google: how Google can solve the big SIM card “problem” with Android 13


google may have cracked the code to eliminate physical SIM cards for good. It looks like the tech giant will solve this problem with Android 13.
SIM cards are at the heart of every phone and allow users to receive calls, send messages and even connect to the Internet. These tiny modules are so essential to phones that manufacturers must integrate them, regardless of space constraints. Lack of space inside the devices caused the form factor to shift from full to mini, micro and eventually nano SIM.
These days, some phones are available with embedded SIM cards (eSIM). These new modules can replace traditional cards. However, there is a problem with eSIMs that can prevent them from taking over and that’s where it android 13 functionality comes into play.
The limits of an eSIM
The main problem that eSIMs face is dual SIM support. These chips are designed to work with only one service provider at a time. However, eSIMs can currently store multiple profiles on a single chip and support switching between them, but there is a catch. An eSIM can only keep one active profile at a time. So the only way to get dual SIM support with existing solutions is to buy a device with multiple eSIMs, multiple physical SIMs, or one eSIM and one physical SIM. SIM card.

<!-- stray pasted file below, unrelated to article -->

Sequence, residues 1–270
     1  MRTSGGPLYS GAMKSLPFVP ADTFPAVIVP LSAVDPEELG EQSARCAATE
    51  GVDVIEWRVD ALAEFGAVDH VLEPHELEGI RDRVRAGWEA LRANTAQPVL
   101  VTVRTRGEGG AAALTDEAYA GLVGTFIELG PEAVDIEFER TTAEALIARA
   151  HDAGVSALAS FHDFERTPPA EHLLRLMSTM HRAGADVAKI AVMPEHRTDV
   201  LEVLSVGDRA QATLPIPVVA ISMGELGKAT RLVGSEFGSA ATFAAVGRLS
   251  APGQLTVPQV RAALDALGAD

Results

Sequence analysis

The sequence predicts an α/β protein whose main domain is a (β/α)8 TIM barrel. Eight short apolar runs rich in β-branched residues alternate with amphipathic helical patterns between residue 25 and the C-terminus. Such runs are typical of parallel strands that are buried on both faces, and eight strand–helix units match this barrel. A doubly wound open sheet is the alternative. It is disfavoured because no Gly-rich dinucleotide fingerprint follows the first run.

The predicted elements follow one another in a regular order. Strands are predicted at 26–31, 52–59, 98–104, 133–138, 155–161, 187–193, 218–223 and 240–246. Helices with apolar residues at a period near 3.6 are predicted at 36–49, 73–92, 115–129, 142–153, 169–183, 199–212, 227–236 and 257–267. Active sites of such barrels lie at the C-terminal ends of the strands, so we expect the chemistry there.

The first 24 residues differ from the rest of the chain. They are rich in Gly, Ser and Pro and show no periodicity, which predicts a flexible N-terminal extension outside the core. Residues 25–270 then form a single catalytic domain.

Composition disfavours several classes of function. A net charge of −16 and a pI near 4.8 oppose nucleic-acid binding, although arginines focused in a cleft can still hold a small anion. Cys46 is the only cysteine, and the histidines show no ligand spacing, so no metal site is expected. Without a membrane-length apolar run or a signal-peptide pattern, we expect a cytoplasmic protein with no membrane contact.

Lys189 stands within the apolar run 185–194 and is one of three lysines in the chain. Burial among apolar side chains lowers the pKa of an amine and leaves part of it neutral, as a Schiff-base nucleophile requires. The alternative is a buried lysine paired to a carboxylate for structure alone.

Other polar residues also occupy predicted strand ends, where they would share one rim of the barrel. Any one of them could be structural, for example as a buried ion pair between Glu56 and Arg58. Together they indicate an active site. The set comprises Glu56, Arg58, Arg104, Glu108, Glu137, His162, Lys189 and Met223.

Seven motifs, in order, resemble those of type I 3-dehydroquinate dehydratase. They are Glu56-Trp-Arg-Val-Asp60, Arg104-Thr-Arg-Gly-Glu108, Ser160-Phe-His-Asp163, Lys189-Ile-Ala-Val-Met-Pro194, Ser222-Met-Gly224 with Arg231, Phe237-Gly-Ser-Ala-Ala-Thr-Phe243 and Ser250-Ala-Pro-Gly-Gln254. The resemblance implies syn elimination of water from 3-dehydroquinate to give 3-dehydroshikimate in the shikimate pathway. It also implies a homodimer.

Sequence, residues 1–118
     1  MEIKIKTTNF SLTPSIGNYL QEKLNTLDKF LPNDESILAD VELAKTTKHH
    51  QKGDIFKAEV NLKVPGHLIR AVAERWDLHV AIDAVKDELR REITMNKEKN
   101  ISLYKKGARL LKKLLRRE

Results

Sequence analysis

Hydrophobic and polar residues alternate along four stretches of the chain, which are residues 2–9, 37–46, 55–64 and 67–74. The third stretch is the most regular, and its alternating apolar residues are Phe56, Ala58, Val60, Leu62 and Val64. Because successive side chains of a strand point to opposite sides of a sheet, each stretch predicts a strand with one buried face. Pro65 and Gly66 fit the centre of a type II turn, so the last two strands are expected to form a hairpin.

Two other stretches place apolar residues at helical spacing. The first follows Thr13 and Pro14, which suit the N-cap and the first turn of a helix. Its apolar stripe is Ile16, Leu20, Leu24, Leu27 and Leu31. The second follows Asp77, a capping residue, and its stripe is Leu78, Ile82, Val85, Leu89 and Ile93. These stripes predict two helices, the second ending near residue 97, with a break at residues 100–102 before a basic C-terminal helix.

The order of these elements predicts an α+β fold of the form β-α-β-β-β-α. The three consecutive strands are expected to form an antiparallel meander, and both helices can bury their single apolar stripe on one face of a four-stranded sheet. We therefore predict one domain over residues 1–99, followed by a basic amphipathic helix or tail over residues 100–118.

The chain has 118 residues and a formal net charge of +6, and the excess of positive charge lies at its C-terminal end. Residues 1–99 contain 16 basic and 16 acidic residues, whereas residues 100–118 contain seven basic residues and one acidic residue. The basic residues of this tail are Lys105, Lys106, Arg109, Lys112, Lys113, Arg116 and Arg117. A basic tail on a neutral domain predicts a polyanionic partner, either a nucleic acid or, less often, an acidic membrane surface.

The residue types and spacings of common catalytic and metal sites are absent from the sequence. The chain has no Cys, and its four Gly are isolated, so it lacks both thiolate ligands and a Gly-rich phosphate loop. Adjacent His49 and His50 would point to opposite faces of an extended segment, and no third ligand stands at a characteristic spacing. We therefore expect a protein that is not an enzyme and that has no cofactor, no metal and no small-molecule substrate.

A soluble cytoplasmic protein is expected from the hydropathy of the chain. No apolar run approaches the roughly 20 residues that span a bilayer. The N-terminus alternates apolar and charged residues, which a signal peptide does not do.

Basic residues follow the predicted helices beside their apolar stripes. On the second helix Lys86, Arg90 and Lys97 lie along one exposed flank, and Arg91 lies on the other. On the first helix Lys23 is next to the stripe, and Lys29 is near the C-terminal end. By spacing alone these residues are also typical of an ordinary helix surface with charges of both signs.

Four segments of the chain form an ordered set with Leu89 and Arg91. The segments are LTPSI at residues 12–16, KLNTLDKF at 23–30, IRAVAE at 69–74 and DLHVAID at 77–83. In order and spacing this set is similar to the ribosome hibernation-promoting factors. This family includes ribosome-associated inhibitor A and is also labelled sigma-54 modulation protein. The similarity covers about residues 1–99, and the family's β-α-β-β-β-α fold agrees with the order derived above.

Why don’t manufacturers just use two eSIMs?
Adding another eSIM slot to the already crammed interior of the device will undermine the whole point of the technology. Even though eSIMs take up less space than physical cards, having two eSIMs would still limit the available space.
How can Google solve this problem?
According to Android Police, Google’s solution will use something called multiple profiles enabled (MEP) which will allow multiple active SIM profiles on a single eSIM. This means that a single eSIM will be able to connect to two different carriers at the same time.
How should this work?
Google’s MEP method becomes more interesting because everything probably happens at the software level. Multiple logical interfaces will serve as independent communication channels between a SIM profile and the phone’s modem while maintaining a single physical connection between the components.
The company will also add API classes to the Android Open Source Project (AOSP) that will allow carrier applications to obtain information about logical and physical interfaces as well as SIM profiles stored on them. Earlier reports suggested that Google was testing it on an engineering pixel Equipment.
When should we expect the arrival of this technology?
According to reports, Google is likely to introduce this supercharged eSIM support on Android 13 as the credentials for this technology are AOSP and the Android developer website suggests its integration in the upcoming OS.
Some new MEP APIs are also present in the second and hopefully latest Android 13 Developer Preview. There will be more information about this feature as betas of the next operating system are released. The company plans to release six betas in six months starting in April
How will this feature help users?
This feature would potentially be a game-changer for people using two SIM cards on a single phone while giving smartphone makers some extra headroom. This feature can later be implemented on iOS and even Windows. However, it is important to note that Apple already allows the iPhone 13 to use two eSIMs for two or more mobile plans.


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